People who design apps — or, for that matter, design startup companies — want their creations to elicit excitement. They (usually) design to avoid creating boredom. A fairly recent Canadian study offers exciting insights into the nature of boredom.
His ethnological research, carried out while “hanging around at a seafood stand in east London”, explores customers’ and bystanders’ reactions to seeing copious quantities of eels – jellied and otherwise.
“First, it must be noted that on a general level, any favour or smell has the potential to turn the stomach. Smells and tastes by their very nature, smudge a very important taxonomic division disturbing, by way of bodily orifces, a simultaneously psychic and physical sense of corporeal ‘inside’ and ‘out’ (Grosz 1994, 192-198). It is perhaps because smells and food necessarily disrupts this foundational boundary that Kristeva claims that ‘food loathing is … the most elementary form of abjection’
(1982, 4). Yet we know that not all food induces gut-wrenching squirms. Rather, only the movement of certain tastes and textures into the mouth, or smells through the nose, result in the convulsion that ripples from stomach to lips and across the face. The distribution of these squirms, I will argue below, is partially predicated on the particular classifcatory systems through which we sort our every day sensory experiences.”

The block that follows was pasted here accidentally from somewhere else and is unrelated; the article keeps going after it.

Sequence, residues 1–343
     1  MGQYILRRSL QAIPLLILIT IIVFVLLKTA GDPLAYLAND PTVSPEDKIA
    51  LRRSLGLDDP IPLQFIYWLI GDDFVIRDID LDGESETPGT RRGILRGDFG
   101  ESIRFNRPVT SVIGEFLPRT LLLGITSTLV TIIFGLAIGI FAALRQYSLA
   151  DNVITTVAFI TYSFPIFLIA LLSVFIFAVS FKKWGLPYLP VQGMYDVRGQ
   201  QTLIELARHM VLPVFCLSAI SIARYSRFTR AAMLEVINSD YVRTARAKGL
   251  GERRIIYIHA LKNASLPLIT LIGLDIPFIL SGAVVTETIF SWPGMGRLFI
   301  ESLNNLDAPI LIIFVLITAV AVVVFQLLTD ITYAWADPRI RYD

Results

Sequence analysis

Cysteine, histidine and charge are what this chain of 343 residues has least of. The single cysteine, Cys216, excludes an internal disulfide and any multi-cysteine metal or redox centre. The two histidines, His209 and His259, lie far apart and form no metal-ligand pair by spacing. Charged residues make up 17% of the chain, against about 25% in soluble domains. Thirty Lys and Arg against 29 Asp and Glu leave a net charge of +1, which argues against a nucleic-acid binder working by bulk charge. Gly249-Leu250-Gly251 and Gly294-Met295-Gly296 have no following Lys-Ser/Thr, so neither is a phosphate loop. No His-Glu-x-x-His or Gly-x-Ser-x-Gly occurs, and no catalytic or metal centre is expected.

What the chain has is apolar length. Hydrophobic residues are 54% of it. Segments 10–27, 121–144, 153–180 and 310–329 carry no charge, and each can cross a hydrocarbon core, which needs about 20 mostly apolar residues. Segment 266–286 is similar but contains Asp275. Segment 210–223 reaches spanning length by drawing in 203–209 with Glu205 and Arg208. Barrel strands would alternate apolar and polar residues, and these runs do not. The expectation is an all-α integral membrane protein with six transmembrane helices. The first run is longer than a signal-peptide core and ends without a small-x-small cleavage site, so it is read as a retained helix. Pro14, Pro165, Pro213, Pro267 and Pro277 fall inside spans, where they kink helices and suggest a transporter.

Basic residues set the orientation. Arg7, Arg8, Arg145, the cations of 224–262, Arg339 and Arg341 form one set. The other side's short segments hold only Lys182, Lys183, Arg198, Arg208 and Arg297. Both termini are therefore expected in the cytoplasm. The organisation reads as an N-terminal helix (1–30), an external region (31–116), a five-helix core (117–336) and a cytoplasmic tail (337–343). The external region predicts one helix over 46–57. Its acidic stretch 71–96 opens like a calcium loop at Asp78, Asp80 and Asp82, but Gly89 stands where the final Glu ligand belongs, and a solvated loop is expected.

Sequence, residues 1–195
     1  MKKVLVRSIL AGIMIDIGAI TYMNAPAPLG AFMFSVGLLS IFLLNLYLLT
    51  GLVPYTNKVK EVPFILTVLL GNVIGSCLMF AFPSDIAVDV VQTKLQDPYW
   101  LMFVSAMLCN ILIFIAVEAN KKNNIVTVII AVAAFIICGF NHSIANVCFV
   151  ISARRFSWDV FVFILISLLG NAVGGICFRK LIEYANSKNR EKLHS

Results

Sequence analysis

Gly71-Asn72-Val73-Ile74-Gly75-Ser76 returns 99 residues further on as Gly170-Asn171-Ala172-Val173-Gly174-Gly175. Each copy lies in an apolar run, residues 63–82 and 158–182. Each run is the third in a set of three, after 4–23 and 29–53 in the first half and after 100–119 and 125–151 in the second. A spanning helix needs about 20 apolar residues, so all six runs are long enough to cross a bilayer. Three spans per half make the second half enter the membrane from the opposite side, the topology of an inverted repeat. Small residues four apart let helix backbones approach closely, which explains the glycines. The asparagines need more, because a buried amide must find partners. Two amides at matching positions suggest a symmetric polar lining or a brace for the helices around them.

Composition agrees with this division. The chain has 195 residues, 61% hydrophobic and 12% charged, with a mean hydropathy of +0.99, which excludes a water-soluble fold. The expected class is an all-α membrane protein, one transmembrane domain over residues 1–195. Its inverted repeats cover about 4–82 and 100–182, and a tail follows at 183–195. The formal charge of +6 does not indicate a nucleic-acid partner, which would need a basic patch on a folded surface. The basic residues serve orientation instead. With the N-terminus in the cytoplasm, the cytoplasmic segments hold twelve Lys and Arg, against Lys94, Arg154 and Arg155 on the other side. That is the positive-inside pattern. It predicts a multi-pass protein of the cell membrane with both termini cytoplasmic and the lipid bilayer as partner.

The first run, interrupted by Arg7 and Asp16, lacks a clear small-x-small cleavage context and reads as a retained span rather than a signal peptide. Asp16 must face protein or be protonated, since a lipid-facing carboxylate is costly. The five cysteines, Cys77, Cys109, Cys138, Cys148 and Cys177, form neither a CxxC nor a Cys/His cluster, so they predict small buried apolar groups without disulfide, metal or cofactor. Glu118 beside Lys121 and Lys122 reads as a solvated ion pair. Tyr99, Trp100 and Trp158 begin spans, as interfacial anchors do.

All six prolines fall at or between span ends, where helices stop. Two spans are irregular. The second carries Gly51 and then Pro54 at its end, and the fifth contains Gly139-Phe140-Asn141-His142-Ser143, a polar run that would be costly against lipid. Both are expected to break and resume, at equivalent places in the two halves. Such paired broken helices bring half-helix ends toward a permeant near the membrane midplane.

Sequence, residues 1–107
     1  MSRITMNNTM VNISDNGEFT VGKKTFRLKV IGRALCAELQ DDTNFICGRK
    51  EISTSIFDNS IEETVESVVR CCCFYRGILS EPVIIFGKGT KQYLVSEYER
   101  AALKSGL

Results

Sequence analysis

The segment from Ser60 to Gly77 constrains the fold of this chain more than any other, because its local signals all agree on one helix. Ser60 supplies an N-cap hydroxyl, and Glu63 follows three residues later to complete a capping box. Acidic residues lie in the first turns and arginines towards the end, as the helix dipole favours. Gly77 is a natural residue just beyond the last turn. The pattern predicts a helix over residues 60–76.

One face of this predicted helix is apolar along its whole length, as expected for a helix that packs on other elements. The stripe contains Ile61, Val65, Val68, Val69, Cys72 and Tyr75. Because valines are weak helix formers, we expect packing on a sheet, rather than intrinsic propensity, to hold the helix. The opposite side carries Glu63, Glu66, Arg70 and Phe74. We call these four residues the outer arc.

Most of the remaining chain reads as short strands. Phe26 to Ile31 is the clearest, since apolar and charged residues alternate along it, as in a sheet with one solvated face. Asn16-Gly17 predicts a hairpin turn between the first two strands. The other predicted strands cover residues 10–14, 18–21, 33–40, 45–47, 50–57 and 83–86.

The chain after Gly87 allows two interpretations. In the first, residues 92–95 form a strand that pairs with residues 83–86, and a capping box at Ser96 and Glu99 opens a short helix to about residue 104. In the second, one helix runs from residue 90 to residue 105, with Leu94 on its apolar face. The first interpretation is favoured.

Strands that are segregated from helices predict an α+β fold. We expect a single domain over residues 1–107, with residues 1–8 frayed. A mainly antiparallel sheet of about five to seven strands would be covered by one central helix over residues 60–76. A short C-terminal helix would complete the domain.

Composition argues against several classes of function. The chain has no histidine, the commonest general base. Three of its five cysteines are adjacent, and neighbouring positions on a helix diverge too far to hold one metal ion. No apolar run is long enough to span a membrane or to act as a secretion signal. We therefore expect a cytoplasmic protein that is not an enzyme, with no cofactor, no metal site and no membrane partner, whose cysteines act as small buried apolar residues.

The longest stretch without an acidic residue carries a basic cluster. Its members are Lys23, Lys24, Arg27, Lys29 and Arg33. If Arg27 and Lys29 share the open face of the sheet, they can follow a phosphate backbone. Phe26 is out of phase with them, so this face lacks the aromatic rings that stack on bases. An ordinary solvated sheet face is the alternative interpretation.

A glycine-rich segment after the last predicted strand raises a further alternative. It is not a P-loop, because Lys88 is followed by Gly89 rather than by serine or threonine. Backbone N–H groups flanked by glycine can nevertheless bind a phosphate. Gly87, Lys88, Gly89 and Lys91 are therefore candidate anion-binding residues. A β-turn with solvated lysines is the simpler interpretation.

People are displeased that a Welsh town’s library installed an Ig Nobel Prize-winning device designed to repel teenagers.
BACKGROUND: The 2006 Ig Nobel Peace Prize was awarded to Howard Stapleton of Merthyr Tydfil, Wales, for inventing an electromechanical teenager repellant — a device that makes annoying high-pitched noise designed to be audible to teenagers but not to adults; and for later using that same technology to make telephone ringtones that are audible to teenagers but probably not to their teachers. The invention is sold under the brand name “The Mosquito.”
BACKGROUND: Stapleton’s company, Compound Security, also developed a version of that same technology for a sort-of opposite purpose — for teenagers to use against older people. This alternate product is a telephone ring tone so high-pitched that elders (schoolteachers, for example) probably cannot hear teenagers receiving telephone calls (in classrooms, in that same example). Compound Security thus became like the great armaments manufacturers of old, selling arms to both sides.